If what you suggest is correct I presume I should be able to trace the positive back to the starter battery . The tracker was installed shortly after I purchased the van and when I was still somewhat naive about what was being undertaken on the van in the belief it provided both myself and the insurer with a degree of security. If your hypothesis is correct then such trust in my opinion is ill founded.


I am in fact thinking of utilising a Votronic 250 Dou mppt controller which is similar to the LRM but as you are aware utilises an improved charging regime. I believe Schaudt have yet to release a new version of the LRM.


Thank you once again for your knowledgeable advice. I sense I will be heading to north Wales in the near future.

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Above I wrote,

"The Fridge fuse is normally in the 'triple pack' of fuses next to the Starter battery, rather than the Habitation double/triple fuse pack".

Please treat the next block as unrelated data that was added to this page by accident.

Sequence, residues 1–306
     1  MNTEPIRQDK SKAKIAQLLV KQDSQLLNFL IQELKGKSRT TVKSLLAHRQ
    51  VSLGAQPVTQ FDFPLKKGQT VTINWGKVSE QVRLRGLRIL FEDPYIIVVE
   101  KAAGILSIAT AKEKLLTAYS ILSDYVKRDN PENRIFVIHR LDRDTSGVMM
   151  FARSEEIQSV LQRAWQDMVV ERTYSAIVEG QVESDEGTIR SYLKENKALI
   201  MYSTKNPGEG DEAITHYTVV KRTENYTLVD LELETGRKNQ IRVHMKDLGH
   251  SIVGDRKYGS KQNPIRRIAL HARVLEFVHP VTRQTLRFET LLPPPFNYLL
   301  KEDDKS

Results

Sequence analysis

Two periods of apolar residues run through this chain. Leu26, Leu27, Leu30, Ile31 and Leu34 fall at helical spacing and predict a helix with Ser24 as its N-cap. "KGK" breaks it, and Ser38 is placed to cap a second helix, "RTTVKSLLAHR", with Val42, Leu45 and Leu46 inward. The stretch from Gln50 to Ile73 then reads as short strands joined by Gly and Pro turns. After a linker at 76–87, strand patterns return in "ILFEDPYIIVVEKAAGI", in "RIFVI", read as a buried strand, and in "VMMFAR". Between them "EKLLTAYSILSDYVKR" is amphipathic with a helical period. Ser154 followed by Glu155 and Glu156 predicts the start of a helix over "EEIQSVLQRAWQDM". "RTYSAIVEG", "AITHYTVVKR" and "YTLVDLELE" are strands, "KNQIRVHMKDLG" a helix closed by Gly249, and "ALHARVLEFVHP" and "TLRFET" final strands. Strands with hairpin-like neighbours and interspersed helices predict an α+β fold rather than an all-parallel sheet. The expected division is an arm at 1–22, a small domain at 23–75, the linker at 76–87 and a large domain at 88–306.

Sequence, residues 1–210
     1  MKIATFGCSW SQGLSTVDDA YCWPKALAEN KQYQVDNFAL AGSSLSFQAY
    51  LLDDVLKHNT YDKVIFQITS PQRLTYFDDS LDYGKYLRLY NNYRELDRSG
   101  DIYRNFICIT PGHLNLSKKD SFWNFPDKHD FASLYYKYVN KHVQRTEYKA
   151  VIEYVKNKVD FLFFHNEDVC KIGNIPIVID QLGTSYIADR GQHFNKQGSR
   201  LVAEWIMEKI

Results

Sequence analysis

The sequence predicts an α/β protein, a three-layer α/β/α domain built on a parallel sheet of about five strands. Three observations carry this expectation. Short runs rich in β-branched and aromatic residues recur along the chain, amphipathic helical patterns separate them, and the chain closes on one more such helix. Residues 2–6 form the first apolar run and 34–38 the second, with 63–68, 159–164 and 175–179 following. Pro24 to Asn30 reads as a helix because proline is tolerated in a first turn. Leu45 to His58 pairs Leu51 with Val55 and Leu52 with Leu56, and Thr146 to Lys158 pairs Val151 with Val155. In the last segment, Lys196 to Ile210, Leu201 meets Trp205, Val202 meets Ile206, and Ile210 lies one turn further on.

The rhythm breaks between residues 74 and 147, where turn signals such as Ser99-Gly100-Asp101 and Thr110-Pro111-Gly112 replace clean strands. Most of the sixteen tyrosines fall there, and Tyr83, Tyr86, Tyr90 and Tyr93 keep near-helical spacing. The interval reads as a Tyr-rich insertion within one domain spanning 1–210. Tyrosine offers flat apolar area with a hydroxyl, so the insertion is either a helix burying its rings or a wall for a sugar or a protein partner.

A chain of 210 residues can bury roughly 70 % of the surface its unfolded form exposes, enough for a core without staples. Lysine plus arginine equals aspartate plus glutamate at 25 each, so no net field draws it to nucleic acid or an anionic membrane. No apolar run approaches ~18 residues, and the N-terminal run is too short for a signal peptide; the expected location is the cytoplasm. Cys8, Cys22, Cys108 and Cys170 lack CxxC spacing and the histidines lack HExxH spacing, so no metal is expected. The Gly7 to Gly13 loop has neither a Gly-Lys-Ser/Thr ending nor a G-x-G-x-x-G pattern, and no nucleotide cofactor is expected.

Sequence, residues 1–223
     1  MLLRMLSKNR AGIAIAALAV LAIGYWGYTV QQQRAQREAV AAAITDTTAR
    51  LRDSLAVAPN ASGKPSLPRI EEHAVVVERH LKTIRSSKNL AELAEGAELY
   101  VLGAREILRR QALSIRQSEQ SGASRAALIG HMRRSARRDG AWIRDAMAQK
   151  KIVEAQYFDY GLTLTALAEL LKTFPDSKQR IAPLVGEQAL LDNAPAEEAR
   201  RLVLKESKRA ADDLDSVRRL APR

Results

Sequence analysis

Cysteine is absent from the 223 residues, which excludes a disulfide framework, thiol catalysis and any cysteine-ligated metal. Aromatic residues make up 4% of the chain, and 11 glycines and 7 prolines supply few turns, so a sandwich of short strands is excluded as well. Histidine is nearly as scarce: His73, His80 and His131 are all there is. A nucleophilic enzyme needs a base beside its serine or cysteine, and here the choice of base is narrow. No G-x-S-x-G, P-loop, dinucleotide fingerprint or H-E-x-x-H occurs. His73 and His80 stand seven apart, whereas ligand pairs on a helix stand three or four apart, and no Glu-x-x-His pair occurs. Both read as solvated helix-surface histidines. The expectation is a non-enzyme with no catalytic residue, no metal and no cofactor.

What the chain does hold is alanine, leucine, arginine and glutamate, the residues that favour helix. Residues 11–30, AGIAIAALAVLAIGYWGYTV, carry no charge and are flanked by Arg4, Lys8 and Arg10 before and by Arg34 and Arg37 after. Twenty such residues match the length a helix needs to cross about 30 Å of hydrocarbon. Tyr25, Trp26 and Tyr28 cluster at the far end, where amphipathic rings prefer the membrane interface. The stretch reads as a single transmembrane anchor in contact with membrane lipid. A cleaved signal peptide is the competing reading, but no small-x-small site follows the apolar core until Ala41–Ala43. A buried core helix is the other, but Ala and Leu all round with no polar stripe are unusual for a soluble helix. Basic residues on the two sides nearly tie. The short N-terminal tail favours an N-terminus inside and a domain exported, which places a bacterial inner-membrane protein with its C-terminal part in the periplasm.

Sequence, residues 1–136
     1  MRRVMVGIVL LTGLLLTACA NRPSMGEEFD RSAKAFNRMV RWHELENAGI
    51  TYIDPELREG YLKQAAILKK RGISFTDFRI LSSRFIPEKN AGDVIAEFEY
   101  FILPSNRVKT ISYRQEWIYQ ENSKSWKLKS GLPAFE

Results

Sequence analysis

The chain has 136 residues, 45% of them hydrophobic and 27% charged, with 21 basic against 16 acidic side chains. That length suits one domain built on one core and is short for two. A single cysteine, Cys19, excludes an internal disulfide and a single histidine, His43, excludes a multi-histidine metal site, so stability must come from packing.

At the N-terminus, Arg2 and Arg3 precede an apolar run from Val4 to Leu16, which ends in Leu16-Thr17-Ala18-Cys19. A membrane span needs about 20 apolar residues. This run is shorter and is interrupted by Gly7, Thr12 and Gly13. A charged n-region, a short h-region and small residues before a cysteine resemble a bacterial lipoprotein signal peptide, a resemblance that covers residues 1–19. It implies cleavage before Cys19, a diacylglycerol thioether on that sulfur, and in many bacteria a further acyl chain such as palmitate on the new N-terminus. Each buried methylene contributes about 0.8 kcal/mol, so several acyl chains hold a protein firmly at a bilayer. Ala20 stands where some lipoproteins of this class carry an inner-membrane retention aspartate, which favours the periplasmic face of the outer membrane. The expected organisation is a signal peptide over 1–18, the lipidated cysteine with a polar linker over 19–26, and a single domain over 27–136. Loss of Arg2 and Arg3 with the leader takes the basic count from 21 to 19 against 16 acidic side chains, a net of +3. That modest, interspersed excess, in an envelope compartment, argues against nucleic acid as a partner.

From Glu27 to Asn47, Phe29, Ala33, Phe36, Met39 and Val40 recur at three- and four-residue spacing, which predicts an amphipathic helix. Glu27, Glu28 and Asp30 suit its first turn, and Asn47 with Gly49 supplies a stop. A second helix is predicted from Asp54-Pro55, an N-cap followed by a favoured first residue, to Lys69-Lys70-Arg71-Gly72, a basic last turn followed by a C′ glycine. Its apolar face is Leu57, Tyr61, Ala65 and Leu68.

Worked on a 08 Transit today which was the first we have seen not to follow this rule as both the Habitation Battery 'double fuse pack' and the 'Starter Battery' Triple pack were under the Passenger seat next to a G80 Gel battery and the Elektroblock.


The Drivers seat (normal UK right hand drive) had beneath it two 80Ah Wet batteries. One for Starting and a second linked to the G80 Gel. It all looked Hymer original, but we have not seen this set-up before.



We thought an 80Ah Starter battery might be fine for a Builders van used every day, but a bit small for a Motorhome? A potential 4 week period of being idle where the Alarm/ECU would still be draining power is likely to leave the Starter battery a bit short of puff?